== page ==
Book IX, Chapter XXVI
Of the tree called capera (Panama tree or Sterculia apetala) and the fruit it bears, which are a type of very big almonds.
Translated by Elizabeth Girdharry ’22
On the Mainland, capera is what the Indians who speak the Cueva language call some mighty, very tall and braod trees; some are hollow at the bottom and resemble elms. The fruit they bear looks like large almonds that drop when ripe and cured, which happens during the dry season—in Castilla de Oro this is from the middle of November going into December, January, and February. These almonds drop and come off at the stem, and they are the size of the one depicted here (Illus. 3a, fig. 16.a). Their color is the same as the green almonds of Castile (before our almonds shed the hull they have around the shell), and they open up from the tip to the stem in the middle, by the curved or arched part. The fruit are compounds of four follicles, and inside each one there are four seeds the size of olives, no bigger than are depicted here and in the same fashion. Each one is covered in a thin, black skin; when roasted they lose that skin or seed coat and are as white as hazelnuts (but better tasting). The fruit is wild and not sown; although I have heard that in the past the Indians would plant these trees in their settlements and appreciated them. The timber is soft and not very good. In the city of Panama, inside the town, near the fishermen’s huts or bohíos, on the way to the monastery of Our Lady of Mercy, there are some of these trees (or at least there were some until the year 1529), and I would sometimes eat the fruit, which even in large quantities does no harm, even helping with digestion before or after a meal.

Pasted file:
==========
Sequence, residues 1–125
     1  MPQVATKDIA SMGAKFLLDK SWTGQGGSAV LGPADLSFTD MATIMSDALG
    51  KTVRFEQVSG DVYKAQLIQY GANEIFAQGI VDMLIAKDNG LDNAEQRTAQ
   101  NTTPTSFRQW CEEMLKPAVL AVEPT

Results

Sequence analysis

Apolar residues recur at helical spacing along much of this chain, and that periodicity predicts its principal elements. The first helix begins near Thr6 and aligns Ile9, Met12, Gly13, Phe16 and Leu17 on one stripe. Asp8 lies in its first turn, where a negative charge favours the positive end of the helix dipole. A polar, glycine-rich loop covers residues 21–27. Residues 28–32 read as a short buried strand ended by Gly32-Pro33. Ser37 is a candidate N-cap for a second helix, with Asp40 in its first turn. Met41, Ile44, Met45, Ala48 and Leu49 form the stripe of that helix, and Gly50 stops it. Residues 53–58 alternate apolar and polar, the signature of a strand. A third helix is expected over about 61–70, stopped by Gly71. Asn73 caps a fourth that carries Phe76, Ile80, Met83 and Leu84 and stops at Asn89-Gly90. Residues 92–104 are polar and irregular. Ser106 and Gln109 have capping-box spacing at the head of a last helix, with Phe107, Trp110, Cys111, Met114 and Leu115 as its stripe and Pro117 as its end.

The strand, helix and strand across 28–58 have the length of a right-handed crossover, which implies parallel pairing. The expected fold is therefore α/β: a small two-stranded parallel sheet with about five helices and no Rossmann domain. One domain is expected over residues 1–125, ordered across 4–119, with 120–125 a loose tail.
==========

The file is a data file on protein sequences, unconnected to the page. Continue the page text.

Image: Watercolor illustration of the branch of an almond tree by Jacques Le Moyne de Morgues in 1575, retrieved from the Victoria and Albert Museum, London.